The SMUD Museum of Science and Curiosity, the new name and location for the former Powerhouse Science Center, hosted its public grand opening on Nov. 13
By SONORA SLATER — firstname.lastname@example.org
Emerging from the chaos of the I-5 freeway, you turn a bend to see the top of a domed building rise into your line of sight. Pulling into the parking lot, you watch a family get back into the car to leave, all excitedly chattering about their new shared experience. As you enter, a front-desk worker encourages you to ask them any questions you might have, and a sign on the wall asks, “What are you curious about?”
You have just walked into the SMUD Museum of Science and Curiosity, or MOSAC, the newest name and location of the former Powerhouse Science Center that opened to the public on Nov. 13. The museum focuses on serving young students in the Sacramento region. According to a recent press release, the museum showcases exhibits and attractions surrounding nature, water, power and engineering, in addition to the UC Davis Health-sponsored Health Headlines and Innovation gallery and the digital dome UC Davis Multiverse Theater.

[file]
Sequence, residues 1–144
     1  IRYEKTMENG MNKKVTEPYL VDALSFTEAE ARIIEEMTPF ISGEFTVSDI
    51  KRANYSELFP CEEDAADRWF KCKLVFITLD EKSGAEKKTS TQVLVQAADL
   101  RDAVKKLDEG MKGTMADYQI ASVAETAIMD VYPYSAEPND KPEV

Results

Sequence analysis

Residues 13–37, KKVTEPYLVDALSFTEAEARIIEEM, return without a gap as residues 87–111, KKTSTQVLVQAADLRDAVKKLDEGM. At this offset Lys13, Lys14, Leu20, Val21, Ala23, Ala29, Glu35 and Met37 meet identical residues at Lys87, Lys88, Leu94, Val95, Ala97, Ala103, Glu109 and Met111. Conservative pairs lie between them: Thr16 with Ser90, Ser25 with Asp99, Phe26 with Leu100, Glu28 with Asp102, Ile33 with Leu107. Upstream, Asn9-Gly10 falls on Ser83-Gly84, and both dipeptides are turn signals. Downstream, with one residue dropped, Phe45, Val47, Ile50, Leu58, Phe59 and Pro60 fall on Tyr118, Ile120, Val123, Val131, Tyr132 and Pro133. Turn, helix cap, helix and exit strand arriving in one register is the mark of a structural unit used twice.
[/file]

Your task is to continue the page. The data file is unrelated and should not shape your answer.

Shahnaz Van Deventer, the director of marketing and development for MOSAC, described how the move came about.
“The director saw that we needed a bigger statement on the importance of science and the role it will play in future generations,” Van Deventer said. “A group got together and said, here’s this abandoned building [on the Sacramento River], and it just looked like a great destination point.”
According to Van Deventer, MOSAC has had a long-standing relationship with UC Davis, leaning on the university for some of their content development and education materials. In recent years, they have entered into more of a financial partnership.
“I think it made sense to them as it made sense to us,” Van Deventer said. “It really is a dream to a science center to have this kind of relationship with a tertiary research university, and UC Davis is such a leader in not just science, but science education.”
She then elaborated on, apart from financial support, what this partnership might entail.